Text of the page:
I had a couple of positions I needed to fill quickly, so I called an old semiconductors buddy to interview for one of them. He had the skill set we needed for the role, but what I really wanted was to have him make the rounds in my new company to see if he picked up on my feeling about biotech. He was a straight-shooting operations-minded veteran and I wanted his take on the situation.
The interview process included long discussions with the heads of manufacturing, quality, and technical services. At the end of his day of interviews, we went to dinner to debrief—just the two of us. Once he had settled down with a drink, I asked what he thought. He set down his pint and wiped his old-school mustache with the back of his hand. Then, true to form, he cut to the chase. He shook his head, sighed, and said, "Chris, these guys are really smart . . . but they don't know how to make stuff."
It wasn't a shortcoming of this particular biotech. Frankly, they led the league in everything important at the time. Instead, this was a shortcoming of a technical industry still early in its lifecycle. In the early days, technology companies have implicit operating principles around excellence in science and engineering. But as companies mature, too many of them fail to draw the line and formally enter the realm of those who "make stuff." To make the transition effectively, it's important to understand the operating principles for making stuff well.
The technology companies that have learned how to make stuff well have adopted four such operating principles, which I will explain.
RECOGNIZE PERSONNEL MANAGEMENT AS A REAL JOB
The highest priority for a company that is focused on execution is personnel management. Across technical industries, there is a tendency to hire and promote based on technical expertise and to largely ignore management skills. It's easy to see how this happens. Most companies fail to recognize that competence is domain-specific and that top performance as a scientist or engineer says nothing about one's ability to manage people. Most companies still look at good technical performance as an indication of some sort of enlightenment that results in the person being great at everything. This extrapolation of technical competence into non-technical areas is a problem. Believing that technical competence is an indication of managerial competence is the same as assuming that golfing great Phil Mickelson must also be a great singer. If we look to the companies that are good at making stuff, they identify a core set of management skills and make sure everyone has them.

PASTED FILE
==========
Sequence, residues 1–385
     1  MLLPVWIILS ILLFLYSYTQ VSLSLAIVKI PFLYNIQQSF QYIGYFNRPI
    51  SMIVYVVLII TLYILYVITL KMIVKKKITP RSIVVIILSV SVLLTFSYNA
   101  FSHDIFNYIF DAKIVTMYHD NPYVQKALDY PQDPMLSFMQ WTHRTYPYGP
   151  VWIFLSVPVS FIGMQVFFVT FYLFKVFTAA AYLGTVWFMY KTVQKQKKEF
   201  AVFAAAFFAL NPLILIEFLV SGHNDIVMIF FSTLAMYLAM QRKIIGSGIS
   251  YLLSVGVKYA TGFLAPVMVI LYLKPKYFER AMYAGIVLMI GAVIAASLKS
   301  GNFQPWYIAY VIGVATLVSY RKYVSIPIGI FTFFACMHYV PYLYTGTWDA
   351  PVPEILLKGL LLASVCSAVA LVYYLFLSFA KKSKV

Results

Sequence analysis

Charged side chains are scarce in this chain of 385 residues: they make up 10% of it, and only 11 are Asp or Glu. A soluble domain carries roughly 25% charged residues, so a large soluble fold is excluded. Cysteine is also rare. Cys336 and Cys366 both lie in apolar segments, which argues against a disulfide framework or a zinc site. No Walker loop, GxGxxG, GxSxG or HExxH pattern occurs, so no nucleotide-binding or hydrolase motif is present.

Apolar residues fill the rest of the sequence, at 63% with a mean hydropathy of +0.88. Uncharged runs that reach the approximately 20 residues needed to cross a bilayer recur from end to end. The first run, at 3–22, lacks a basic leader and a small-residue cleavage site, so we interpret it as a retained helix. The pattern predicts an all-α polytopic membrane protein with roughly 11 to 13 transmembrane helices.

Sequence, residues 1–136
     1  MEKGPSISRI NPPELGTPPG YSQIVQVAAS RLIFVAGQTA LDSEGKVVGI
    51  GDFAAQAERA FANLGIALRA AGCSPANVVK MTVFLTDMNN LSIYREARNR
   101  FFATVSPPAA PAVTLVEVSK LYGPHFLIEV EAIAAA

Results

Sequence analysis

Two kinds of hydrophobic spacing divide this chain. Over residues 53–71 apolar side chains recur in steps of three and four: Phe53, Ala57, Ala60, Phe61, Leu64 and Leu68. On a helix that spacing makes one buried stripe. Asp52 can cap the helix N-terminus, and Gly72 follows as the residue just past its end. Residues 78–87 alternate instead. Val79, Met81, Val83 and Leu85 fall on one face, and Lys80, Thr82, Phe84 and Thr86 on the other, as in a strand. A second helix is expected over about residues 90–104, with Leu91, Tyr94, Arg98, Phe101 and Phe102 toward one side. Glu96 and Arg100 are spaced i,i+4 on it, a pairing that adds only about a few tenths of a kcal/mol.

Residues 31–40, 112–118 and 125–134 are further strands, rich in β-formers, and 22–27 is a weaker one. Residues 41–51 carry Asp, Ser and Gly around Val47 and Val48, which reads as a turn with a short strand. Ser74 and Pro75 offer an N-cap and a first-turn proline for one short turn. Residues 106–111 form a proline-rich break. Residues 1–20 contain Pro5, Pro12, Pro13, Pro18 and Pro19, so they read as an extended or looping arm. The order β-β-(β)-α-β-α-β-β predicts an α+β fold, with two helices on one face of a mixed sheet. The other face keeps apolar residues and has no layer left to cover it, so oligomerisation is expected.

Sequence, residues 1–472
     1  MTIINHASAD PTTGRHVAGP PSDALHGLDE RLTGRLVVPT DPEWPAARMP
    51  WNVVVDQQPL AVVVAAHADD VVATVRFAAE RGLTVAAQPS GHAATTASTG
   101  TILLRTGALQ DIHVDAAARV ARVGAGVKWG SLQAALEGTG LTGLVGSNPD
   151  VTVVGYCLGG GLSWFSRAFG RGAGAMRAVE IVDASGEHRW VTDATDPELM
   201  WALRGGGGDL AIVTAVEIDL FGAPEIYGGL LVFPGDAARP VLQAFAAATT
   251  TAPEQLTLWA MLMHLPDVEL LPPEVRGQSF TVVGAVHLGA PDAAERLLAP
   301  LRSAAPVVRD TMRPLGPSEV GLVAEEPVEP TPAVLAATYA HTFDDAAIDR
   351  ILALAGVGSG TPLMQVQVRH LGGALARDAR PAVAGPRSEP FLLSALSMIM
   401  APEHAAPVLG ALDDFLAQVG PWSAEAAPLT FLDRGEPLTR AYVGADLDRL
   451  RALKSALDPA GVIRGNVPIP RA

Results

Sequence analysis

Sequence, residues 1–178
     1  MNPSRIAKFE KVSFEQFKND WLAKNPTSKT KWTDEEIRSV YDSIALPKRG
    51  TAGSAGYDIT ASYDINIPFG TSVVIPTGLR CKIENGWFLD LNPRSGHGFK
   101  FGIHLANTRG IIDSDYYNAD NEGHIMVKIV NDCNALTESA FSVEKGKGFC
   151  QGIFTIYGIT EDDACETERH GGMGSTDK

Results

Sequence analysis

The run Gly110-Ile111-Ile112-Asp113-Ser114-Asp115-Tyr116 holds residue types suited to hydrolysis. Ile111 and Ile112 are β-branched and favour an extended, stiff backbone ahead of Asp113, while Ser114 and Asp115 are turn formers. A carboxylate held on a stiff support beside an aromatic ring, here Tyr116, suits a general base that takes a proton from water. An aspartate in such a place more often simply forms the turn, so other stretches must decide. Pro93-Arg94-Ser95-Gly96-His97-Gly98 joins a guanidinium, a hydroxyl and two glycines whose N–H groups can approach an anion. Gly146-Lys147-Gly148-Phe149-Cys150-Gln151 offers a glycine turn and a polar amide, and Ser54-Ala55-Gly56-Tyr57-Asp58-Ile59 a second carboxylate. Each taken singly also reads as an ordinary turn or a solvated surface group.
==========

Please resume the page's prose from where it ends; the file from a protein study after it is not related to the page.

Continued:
The hard part is acknowledging that something non-technical can have a significant impact. In biotechnology, we still have a cognitive bias away from non-technical solutions, so it's difficult for many site heads and leaders to acknowledge the impact of management skills.
A majority of managers in our industry do very little personnel management in their current roles. Instead, they are called on to continue carrying out their roles as technical experts and individual contributors while also having a group report to them. When I begin working with a client's managers, one of the first things I hear is that the manager doesn't have time for things like one-on-one meetings with direct reports. In other words, a majority of biotech employees have no meaningful connection with their bosses. This in turn means that our teams are not engaged and our organization is underperforming.
When a company recognizes that it is in the business of making stuff, then it focuses on execution, which is tied directly to the effectiveness of the individual manager. For a company that wants to be operationally excellent, there is no priority higher.